Adolescence is a period of social, physical, and neurobiological transitions that may leave individuals more vulnerable to the development of internalizing and externalizing symptomatology. Extant research demonstrates that executive functioning (EF) is associated with psychopathology outcomes in adolescence; however, it has yet to be examined how EF and psychopathology develop transactionally over time. Data were collected from 167 adolescents (47% female, 13–14 years old at Time 1) and their primary caregiver over 4 years. At each time point, adolescents completed three behavioral tasks that capture the underlying dimensions of EF, and both adolescents and their primary caregiver completed measures of adolescent psychopathology. Latent growth curve modeling was used to test the associations between initial levels and trajectories of EF and psychopathology. Results indicated that higher initial levels of internalizing and externalizing symptomatology were associated with lower EF at Time 4 (controlling for Time 1 EF). Initial levels of EF did not predict changes in internalizing and externalizing symptomatology. These findings suggest that early psychopathology may be a risk factor for maladaptive EF development in adolescence.
Previous research indicates that body dysmorphic disorder (BDD) is associated with risk of suicidality. However, studies have relied on small and/or specialist samples and largely focussed on adults, despite these difficulties commonly emerging in youth. Furthermore, the aetiology of the relationship remains unknown.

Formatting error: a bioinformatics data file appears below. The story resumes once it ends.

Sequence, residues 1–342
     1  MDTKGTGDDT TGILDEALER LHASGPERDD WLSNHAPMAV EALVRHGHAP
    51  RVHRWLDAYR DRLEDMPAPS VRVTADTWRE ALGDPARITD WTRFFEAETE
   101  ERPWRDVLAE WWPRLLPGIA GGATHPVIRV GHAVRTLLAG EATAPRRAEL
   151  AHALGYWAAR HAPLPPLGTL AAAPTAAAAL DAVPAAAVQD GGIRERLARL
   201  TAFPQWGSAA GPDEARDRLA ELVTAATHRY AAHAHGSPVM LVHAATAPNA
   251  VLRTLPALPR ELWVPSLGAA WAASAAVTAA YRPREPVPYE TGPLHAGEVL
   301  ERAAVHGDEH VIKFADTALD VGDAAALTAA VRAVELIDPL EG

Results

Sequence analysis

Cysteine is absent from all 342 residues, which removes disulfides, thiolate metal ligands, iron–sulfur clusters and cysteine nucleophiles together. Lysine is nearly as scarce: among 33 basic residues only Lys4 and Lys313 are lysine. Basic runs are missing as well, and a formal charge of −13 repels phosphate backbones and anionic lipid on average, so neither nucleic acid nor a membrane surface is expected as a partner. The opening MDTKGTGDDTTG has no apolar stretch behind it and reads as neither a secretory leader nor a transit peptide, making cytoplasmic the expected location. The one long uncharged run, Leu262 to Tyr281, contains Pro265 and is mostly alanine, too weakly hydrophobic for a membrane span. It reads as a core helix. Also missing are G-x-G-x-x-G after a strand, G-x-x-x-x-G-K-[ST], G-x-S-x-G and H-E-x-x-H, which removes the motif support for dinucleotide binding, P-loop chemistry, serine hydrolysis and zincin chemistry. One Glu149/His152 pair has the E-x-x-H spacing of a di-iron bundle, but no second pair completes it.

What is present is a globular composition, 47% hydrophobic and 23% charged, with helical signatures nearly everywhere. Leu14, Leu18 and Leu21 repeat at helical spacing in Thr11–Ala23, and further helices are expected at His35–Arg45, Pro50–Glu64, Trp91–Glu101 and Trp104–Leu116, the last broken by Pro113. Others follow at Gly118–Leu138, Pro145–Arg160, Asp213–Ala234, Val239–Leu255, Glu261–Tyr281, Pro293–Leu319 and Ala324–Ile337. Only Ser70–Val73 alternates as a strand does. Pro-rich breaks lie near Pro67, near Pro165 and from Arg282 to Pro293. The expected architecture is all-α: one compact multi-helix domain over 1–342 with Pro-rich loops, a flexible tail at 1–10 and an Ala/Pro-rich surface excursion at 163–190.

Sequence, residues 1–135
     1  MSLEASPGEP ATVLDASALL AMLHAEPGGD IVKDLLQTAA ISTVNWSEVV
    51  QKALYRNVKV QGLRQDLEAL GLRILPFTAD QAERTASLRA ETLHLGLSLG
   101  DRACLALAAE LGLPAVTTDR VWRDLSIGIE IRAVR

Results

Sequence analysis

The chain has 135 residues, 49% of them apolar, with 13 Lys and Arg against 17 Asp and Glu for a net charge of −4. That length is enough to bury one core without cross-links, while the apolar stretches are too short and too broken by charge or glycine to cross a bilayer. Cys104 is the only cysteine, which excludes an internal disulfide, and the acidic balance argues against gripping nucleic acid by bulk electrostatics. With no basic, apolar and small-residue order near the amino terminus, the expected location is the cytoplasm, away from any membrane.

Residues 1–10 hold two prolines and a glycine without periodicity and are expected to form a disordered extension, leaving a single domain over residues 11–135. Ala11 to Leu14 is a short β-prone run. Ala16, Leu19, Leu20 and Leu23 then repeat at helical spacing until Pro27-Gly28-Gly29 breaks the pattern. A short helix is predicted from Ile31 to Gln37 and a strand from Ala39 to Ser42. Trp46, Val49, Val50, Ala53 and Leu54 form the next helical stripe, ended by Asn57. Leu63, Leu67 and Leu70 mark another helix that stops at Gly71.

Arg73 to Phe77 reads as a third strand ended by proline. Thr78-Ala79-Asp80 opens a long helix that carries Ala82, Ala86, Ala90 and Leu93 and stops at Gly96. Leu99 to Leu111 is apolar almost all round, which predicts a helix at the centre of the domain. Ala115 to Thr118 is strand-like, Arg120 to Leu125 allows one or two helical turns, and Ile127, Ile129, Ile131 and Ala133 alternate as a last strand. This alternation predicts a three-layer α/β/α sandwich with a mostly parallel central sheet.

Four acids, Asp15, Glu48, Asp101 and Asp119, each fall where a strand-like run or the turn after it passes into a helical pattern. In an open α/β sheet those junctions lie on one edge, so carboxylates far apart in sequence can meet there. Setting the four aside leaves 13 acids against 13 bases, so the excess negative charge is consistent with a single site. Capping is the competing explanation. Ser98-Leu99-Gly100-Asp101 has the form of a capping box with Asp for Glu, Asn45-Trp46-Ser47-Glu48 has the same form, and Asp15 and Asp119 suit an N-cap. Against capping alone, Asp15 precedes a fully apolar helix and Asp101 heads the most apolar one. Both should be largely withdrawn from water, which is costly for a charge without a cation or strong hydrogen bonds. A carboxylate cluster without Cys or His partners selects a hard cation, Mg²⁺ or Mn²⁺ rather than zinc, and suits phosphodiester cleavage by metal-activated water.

Two independent twin samples were identified through the Child and Adolescent Twin Study in Sweden, at ages 18 (N = 6027) and 24 (N = 3454). Participants completed a self-report measure of BDD symptom severity. Young people and parents completed items assessing suicidal ideation/behaviours. Logistic regression models tested the association of suicidality outcomes with: (a) probable BDD, classified using an empirically derived cut-off; and (b) continuous scores of BDD symptoms. Bivariate genetic models examined the aetiology of the association between BDD symptoms and suicidality at both ages.
Suicidal ideation and behaviours were common among those with probable BDD at both ages. BDD symptoms, measured continuously, were linked with all aspects of suicidality, and associations generally remained significant after adjusting for depressive and anxiety symptoms. Genetic factors accounted for most of the covariance between BDD symptoms and suicidality (72.9 and 77.7% at ages 18 and 24, respectively), but with significant non-shared environmental influences (27.1 and 22.3% at ages 18 and 24, respectively).
BDD symptoms are associated with a substantial risk of suicidal ideation and behaviours in late adolescence and early adulthood. This relationship is largely explained by common genetic liability, but non-shared environmental effects are also significant and could provide opportunities for prevention among those at high-risk.
Adults with significant childhood trauma and/or serious mental illness may exhibit persistent structural brain changes within limbic structures, including the amygdala. Little is known about the structure of the amygdala prior to the onset of SMI, despite the relatively high prevalence of trauma in at-risk youth.
Data were gathered from the Canadian Psychiatric Risk and Outcome study. A total of 182 youth with a mean age of 18.3 years completed T1-weighted MRI scans along with clinical assessments that included questionnaires on symptoms of depression and anxiety. Participants also completed the Childhood Trauma and Abuse Scale. We used a novel subfield-specific amygdala segmentation workflow as a part of FreeSurfer 6.0 to examine amygdala structure.
Participants with higher trauma scores were more likely to have smaller amygdala volumes, particularly within the basal regions. Among various types of childhood trauma, sexual and physical abuse had the largest effects on amygdala subregions. Abuse-related differences in the right basal region mediated the severity of depression and anxiety symptoms, even though no participants met criteria for clinical diagnosis at the time of assessment.